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Scrap Data Retention Bill – Law Institute


Thursday, 22nd January 2015 at 10:55 am
Xavier Smerdon, Journalist
The Federal Government’s controversial data retention legislation should be scrapped, according to the Law Institute of Victoria.

Thursday, 22nd January 2015
at 10:55 am
Xavier Smerdon, Journalist


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Scrap Data Retention Bill – Law Institute
Thursday, 22nd January 2015 at 10:55 am

The Federal Government’s controversial data retention legislation should be scrapped, according to the Law Institute of Victoria.

LIV President Katie Miller said the Government had effectively asked Parliament for a blank cheque which will be paid for by citizens with their privacy and their tax dollars.

Miller said that the data retention scheme proposed in the Bill is invasive, likely to be very costly and threatened the right to privacy, freedoms of expression and association and a free press.

“The Bill as it stands fails to address the serious privacy, freedom and data security concerns that have been raised in relation to mandatory data retention both in Australia and overseas,” Miller said.

“Our mobile and internet devices means we are more connected to each other than ever, which the Government proposes to exploit by creating a spider web of records.”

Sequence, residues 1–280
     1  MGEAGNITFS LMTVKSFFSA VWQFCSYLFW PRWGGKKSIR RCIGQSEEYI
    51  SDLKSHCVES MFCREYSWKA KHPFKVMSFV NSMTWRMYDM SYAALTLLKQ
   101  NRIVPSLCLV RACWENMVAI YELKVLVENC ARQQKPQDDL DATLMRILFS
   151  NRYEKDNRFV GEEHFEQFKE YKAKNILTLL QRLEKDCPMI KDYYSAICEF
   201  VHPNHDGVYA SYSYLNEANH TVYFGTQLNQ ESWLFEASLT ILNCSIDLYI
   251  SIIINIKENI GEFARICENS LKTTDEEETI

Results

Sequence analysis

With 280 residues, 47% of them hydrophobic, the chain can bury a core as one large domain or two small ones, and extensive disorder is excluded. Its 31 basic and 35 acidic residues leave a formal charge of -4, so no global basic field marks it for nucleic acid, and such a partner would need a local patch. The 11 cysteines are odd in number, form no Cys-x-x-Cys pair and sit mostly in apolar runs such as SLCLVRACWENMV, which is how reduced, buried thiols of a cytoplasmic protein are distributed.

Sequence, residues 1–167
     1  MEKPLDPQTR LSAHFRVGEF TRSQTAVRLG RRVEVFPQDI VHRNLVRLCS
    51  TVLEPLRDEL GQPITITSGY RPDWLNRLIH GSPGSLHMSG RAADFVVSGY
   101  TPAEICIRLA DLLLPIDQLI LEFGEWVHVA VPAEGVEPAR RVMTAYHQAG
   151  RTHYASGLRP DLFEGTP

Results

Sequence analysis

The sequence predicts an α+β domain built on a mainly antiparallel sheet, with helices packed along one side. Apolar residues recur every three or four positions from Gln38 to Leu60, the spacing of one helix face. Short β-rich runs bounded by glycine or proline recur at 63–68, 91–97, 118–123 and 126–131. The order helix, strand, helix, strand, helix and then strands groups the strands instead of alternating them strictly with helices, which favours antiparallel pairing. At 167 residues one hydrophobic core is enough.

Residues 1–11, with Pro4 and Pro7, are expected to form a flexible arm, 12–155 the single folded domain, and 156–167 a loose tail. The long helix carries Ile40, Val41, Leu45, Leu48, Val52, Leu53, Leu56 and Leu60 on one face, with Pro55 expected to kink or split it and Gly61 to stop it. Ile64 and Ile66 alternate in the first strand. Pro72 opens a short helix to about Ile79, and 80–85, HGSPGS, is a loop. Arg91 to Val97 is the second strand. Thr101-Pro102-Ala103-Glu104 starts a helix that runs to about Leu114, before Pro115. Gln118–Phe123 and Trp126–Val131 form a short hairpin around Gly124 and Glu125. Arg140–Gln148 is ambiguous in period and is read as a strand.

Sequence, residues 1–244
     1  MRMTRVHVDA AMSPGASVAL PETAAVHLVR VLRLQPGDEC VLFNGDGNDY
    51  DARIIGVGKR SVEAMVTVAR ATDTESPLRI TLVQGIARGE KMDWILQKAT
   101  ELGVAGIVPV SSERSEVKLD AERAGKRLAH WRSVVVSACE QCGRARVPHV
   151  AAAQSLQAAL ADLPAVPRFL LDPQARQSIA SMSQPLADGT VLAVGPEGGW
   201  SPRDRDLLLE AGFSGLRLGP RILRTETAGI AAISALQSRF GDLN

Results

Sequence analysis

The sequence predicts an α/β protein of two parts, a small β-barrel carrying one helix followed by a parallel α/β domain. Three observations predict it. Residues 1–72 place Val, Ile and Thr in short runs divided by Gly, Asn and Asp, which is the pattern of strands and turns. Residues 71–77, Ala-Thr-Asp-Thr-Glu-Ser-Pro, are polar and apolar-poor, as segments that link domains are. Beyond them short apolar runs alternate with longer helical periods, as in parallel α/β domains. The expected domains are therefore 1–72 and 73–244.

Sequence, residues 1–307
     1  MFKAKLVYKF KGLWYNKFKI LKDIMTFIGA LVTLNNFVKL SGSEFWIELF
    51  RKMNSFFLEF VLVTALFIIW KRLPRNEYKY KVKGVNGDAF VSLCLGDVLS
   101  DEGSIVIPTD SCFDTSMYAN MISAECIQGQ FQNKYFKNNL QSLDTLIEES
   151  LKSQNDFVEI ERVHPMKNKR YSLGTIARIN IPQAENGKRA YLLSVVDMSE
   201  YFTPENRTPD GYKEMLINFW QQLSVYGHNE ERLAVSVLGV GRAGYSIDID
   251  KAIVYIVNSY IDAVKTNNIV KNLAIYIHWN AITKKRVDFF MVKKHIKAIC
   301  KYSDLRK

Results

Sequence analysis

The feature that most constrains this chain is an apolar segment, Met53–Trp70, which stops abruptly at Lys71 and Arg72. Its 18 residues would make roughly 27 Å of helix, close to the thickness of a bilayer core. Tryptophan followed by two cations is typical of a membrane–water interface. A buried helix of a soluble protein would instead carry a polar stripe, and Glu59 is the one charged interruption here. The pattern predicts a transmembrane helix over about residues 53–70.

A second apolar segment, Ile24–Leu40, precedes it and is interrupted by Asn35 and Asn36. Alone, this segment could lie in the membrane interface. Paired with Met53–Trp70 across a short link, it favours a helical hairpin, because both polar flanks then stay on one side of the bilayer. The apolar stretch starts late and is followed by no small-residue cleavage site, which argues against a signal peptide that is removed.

In its submission to the Parliamentary Joint Intelligence and Security Committee, the LIV raised over 30 serious questions and concerns about the Telecommunications (Interception and Access) Amendment (Data Retention) Bill 2014.

“I call on this Parliamentary Committee to hold the Government to account for its failure to make a case for the Bill,” Miller said.

The LIV says in its submission, written by LIV Policy Lawyer Leanne O’Donnell, that the Bill should be withdrawn.

In the event that the Committee does not agree with this position the LIV recommends the following safeguards:

  • The data set must be defined in the primary legislation

  • Providers should not be required to create data

  • The agencies which can access telecommunications data should be exhaustively set out in the legislation

  • Access to telecommunications data must be restricted to criminal law enforcement agencies for preventing, detecting or enforcing serious crimes

  • Access to telecommunications data should require judicial oversight

  • Specific protections for privileged and confidential information are needed

  • Data retention periods should be reduced to what is strictly necessary and proportionate

The LIV submission is available here.


Xavier Smerdon  |  Journalist  |  @XavierSmerdon

Xavier Smerdon is a journalist specialising in the Not for Profit sector. He writes breaking and investigative news articles.


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